Skip to main content

Paper co-authored by Constance Lindsay wins AERA award

A synthesis of 20 years of research examining the effectiveness of school principals co-authored by UNC School of Education faculty member Constance Lindsay, Ph.D., has been selected as the first-place co-winner of the American Educational Research Association’s 2022 Division H Outstanding Publications Competition for an Applied Research Report.

Constance Lindsay directory image

The report, funded and published by the Wallace Foundation, concludes that principals are more important than previously understood.

The report — titled “How Principals Affect Students and Schools: A Systematic Synthesis of Two Decades of Research” — calls for more investments in strategies that better prepare and support school principals.

Jason Grissom of Vanderbilt University was lead author of the report. Anna Egalite of N.C. State University’s College of Education was another co-author.

Their report served as an update to a Wallace Foundation-commissioned 2004 literature review — “How Leadership Influences Student Learning” — which determined that school leadership was second only to classroom instruction among the most important school-related factors affecting student learning.

Grissom, Jason A., Anna J. Egalite, and Constance A. Lindsay. 2021. “How Principals Affect Students and Schools: A Systematic Synthesis of Two Decades of Research.” New York: The Wallace Foundation. Available at

The new report examined 219 studies about school leadership published since 2000 that looked at the impacts of principals. The new study was able to take advantage of longitudinal data describing schools and principals that were unavailable for the 2004 report.

Among the report’s findings:

    • Principals in the 75th percentile of effectiveness yield an increase in student learning in reading and math of about three months, nearly as much as the four months of increased learning generated by teachers at the 75th percentile, but across entire schools.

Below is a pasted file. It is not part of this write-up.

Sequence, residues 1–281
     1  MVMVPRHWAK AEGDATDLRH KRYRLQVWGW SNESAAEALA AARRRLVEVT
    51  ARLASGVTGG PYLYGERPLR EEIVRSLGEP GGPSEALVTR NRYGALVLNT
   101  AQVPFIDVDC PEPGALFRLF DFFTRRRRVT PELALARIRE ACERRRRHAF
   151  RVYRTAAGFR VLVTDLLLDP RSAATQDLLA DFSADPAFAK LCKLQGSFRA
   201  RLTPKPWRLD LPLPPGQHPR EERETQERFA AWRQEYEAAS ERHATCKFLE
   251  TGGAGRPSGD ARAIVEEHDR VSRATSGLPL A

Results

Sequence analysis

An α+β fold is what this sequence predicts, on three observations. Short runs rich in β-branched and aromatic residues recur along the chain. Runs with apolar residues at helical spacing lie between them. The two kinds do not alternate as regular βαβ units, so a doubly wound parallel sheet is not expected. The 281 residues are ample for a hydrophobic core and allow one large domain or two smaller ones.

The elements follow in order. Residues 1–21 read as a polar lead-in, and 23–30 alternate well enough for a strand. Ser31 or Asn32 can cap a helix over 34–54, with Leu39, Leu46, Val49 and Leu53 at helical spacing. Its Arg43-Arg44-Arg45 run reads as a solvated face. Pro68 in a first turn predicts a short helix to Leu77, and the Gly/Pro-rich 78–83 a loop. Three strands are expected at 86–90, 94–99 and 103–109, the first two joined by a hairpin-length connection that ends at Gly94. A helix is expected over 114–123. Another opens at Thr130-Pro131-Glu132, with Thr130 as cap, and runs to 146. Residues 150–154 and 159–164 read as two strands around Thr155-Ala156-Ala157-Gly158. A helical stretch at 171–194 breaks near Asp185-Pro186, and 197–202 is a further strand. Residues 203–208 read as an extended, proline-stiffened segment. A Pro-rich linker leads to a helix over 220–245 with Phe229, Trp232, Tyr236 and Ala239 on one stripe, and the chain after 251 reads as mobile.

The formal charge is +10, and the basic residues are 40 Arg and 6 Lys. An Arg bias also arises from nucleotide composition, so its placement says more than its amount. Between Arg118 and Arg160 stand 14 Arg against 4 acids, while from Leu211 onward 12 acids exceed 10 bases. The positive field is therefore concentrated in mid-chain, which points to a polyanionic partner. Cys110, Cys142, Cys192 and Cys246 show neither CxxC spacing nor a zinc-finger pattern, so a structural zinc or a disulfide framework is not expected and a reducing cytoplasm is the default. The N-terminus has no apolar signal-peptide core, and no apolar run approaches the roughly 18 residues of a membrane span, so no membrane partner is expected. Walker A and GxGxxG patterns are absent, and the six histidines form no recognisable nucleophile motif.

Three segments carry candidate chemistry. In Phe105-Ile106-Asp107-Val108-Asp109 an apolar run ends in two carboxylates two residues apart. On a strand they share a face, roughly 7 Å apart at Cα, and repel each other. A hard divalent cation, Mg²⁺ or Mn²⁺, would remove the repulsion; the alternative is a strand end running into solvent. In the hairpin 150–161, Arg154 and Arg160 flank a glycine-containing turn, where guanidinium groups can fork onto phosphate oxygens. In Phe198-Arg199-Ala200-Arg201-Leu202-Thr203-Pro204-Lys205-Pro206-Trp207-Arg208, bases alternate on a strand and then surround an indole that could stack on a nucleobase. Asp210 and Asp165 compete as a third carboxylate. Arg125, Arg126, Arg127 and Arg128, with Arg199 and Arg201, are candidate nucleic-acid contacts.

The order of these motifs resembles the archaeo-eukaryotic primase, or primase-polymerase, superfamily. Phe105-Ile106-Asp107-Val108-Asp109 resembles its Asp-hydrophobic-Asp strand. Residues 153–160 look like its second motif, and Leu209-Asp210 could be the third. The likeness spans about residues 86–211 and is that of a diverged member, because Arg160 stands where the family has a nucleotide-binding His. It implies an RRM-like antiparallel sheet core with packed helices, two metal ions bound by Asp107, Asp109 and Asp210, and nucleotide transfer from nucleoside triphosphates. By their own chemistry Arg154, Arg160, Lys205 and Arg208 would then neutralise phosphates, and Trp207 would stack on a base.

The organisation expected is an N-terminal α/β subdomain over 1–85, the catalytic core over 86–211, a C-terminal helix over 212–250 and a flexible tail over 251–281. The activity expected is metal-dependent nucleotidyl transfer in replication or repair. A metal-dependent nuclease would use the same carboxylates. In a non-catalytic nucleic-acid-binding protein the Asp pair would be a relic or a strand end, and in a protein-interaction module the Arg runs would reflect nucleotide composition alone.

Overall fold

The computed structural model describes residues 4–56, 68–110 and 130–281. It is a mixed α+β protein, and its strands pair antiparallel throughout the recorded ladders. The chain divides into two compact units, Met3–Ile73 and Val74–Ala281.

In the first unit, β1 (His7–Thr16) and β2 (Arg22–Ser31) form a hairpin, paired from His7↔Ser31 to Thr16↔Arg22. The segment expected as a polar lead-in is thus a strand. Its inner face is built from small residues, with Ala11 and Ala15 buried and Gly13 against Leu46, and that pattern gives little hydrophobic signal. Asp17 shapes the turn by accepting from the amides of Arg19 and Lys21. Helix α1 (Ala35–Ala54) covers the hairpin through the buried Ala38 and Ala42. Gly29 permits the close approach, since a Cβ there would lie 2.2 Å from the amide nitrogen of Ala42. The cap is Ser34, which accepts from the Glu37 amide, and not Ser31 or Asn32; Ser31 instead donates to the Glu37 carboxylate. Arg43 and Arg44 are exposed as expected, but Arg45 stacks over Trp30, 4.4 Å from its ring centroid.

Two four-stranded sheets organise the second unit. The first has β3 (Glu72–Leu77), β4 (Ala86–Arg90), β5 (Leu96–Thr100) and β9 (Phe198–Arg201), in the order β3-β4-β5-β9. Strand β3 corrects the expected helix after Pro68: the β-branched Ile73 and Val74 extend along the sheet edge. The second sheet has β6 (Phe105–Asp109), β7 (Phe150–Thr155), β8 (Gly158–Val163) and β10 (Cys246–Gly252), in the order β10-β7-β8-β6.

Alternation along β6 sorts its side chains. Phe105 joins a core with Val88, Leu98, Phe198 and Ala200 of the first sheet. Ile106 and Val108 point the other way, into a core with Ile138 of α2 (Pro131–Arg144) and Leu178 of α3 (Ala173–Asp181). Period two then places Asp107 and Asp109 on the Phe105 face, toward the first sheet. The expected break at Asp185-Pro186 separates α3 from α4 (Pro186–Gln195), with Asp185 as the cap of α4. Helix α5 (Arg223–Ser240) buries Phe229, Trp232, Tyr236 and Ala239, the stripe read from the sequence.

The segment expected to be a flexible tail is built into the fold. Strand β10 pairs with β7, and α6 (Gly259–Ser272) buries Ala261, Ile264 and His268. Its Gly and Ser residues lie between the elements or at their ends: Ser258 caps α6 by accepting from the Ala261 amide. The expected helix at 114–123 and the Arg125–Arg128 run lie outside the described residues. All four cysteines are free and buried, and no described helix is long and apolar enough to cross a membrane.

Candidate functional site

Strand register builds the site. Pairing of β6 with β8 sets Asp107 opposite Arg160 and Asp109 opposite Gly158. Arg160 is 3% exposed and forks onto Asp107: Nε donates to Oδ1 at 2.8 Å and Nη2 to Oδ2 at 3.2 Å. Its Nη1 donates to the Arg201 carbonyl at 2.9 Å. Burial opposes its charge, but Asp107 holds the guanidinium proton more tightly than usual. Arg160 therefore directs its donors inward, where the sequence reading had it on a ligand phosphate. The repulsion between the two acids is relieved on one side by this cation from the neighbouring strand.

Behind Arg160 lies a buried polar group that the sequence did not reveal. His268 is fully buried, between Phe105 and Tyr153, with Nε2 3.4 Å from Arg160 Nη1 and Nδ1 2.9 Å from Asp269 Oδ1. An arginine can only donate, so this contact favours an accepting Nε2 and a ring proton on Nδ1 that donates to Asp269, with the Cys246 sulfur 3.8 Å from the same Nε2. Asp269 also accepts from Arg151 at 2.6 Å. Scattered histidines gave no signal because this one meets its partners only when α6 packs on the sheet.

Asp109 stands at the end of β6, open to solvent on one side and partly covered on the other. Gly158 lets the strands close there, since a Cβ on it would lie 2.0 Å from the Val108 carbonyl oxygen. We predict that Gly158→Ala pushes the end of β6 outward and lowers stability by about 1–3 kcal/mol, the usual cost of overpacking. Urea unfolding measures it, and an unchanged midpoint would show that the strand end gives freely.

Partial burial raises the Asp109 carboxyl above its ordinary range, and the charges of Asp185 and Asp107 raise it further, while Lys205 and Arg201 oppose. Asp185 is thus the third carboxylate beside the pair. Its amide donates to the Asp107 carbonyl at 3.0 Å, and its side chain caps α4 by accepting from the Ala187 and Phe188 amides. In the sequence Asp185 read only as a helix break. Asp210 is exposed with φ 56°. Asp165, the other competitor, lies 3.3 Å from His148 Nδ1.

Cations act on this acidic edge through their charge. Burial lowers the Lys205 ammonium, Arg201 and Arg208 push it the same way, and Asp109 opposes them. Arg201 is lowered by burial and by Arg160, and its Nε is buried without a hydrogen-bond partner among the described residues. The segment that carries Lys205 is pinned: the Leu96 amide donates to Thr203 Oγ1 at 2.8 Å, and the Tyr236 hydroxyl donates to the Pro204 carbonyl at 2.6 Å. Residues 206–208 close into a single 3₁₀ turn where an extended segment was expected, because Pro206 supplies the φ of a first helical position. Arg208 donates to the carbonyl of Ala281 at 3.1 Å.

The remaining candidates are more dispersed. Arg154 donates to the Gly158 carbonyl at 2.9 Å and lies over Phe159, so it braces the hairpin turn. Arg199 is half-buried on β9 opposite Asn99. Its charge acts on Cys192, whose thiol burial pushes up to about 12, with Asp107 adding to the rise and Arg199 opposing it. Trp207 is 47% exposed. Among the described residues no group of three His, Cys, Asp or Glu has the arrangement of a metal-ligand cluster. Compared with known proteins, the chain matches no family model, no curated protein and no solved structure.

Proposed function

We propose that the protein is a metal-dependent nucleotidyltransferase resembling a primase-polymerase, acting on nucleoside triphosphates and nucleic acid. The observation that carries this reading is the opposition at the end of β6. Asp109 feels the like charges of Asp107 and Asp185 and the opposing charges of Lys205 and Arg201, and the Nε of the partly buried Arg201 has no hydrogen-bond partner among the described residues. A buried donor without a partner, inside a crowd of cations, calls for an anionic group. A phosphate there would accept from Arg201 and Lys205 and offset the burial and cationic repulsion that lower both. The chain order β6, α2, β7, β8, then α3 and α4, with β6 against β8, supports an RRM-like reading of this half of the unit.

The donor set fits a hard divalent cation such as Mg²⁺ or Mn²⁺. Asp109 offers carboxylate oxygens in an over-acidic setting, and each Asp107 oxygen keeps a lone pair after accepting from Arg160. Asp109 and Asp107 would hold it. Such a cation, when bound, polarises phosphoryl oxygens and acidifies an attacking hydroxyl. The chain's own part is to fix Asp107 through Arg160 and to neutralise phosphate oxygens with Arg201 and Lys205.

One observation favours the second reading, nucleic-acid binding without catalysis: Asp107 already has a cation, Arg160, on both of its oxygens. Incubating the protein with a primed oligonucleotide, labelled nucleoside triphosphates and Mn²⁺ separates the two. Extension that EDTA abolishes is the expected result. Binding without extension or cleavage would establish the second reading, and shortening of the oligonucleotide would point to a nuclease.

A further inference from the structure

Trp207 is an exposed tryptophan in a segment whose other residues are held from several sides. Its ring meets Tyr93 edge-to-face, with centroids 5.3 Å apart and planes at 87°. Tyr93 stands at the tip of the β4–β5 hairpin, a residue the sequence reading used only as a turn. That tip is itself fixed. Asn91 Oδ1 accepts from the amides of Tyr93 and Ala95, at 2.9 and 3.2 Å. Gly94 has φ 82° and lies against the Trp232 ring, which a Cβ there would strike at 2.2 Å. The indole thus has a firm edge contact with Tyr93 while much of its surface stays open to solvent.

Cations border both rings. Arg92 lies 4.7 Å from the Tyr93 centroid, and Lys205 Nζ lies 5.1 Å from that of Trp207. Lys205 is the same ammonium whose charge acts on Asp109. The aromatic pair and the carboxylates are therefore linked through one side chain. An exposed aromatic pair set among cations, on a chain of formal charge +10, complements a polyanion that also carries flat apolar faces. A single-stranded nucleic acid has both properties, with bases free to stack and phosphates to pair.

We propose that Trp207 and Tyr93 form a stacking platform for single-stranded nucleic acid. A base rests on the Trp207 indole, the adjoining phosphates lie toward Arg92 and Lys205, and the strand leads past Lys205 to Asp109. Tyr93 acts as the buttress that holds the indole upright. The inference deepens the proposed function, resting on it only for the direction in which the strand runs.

• Principals’ effects are largely indirect, stemming from their work to hire and develop teachers and in creating conditions for sound learning.
    • Given the strength and scope of the impacts of effective principals, investments in successful strategies to recruit and retain high-performing principals are likely to have large payoffs.
    • School systems need to continue to focus efforts on educational equity as the number of principals of color has not kept up with the rising numbers of students of color.

AERA Division H — Research, Evaluation, and Assessment of Schools — annually recognizes published studies that seek to understand and solve problems and challenges faced by those who work in P-12 education or that identify innovative interventions that improve outcomes for students and schools.

The award will be presented to the authors at the Division H business meeting during the AERA annual conference in San Diego in April.

The report also won the 2021 Policy Product Award from the Education Policy Collaborative, a network of education policy scholars.

Lindsay is an assistant professor whose research has focused on policies and practices aimed at closing racial achievement and opportunity gaps in education.